Historical Comedy on Screen (Book)

Subverting History with Humour

Edited by Hannu Salmi

In 1893, Friedrich Engels branded history 'the cruelest goddess of all.' This sorrowful vision of the past is deeply rooted in the Western imagination, and history is thus presented as a joyless playground of inevitability rather than a droll world of possibilities. There are few places this is more evident than in historical cinema which tends to portray the past in a somber manner. Historical Comedy on Screen examines this tendency paying particular attention to the themes most difficult to laugh at and exploring the place where comical and historical storytelling intersect. The book emphasizes the many oft-overlooked comical renderings of history and asks what they have to tell us if we begin to take them seriously.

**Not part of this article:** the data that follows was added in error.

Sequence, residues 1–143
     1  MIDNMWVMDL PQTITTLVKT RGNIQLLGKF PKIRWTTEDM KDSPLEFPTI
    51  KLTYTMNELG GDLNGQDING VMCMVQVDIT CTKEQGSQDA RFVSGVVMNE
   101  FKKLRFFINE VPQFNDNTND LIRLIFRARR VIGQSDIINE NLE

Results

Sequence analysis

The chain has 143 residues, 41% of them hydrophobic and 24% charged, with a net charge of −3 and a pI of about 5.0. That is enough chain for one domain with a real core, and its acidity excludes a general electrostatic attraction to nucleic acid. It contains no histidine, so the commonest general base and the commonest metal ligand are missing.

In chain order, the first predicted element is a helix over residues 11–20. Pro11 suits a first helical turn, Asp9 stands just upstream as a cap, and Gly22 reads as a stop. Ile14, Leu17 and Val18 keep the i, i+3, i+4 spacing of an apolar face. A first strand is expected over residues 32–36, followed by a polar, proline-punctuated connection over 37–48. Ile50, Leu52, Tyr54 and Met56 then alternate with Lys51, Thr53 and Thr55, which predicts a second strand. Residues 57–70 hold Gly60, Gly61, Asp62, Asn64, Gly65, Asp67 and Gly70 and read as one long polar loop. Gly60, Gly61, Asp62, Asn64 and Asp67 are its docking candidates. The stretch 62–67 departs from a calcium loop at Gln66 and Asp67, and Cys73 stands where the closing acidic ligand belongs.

Category: Performing Arts


Hannu Salmi is professor of cultural history at the University of Turku in Finland and coeditor of the series Studies on Popular Culture, also published by Intellect.

Introduction: Mad History of the World  – Hannu Salmi, University of Turku
Buster Keaton’s Comedies of Southern History: Our Hospitality and The General – Susan E. Linville, University of Denver
From Ideal Husbands to Berserk Gargoyles: Comic Representations of the British Past in the 1950s and 1960s – Harri Kilpi, University of Helsinki
Comedians and Romance: History and Humour in Kalabalik – David Ludvigsson, University of Uppsala
Woody Allen and History – Maurice Yawocar, University of Calgary
No Laughing Matter? Comedy and The Spanish Civil War – David Archibald, University of Glasgow
A Killer Joke? World War Two in Post-War British Television and Film Comedy – Rami Mähkä, University of Turku
“Holocaust-Nostalgia”, Humor and Irony: The Case of Pizza in Auschwitz – Hagai Dagan, Sapir College
Comedy and Counter-history – Marcia Landy, University of Pittsburg
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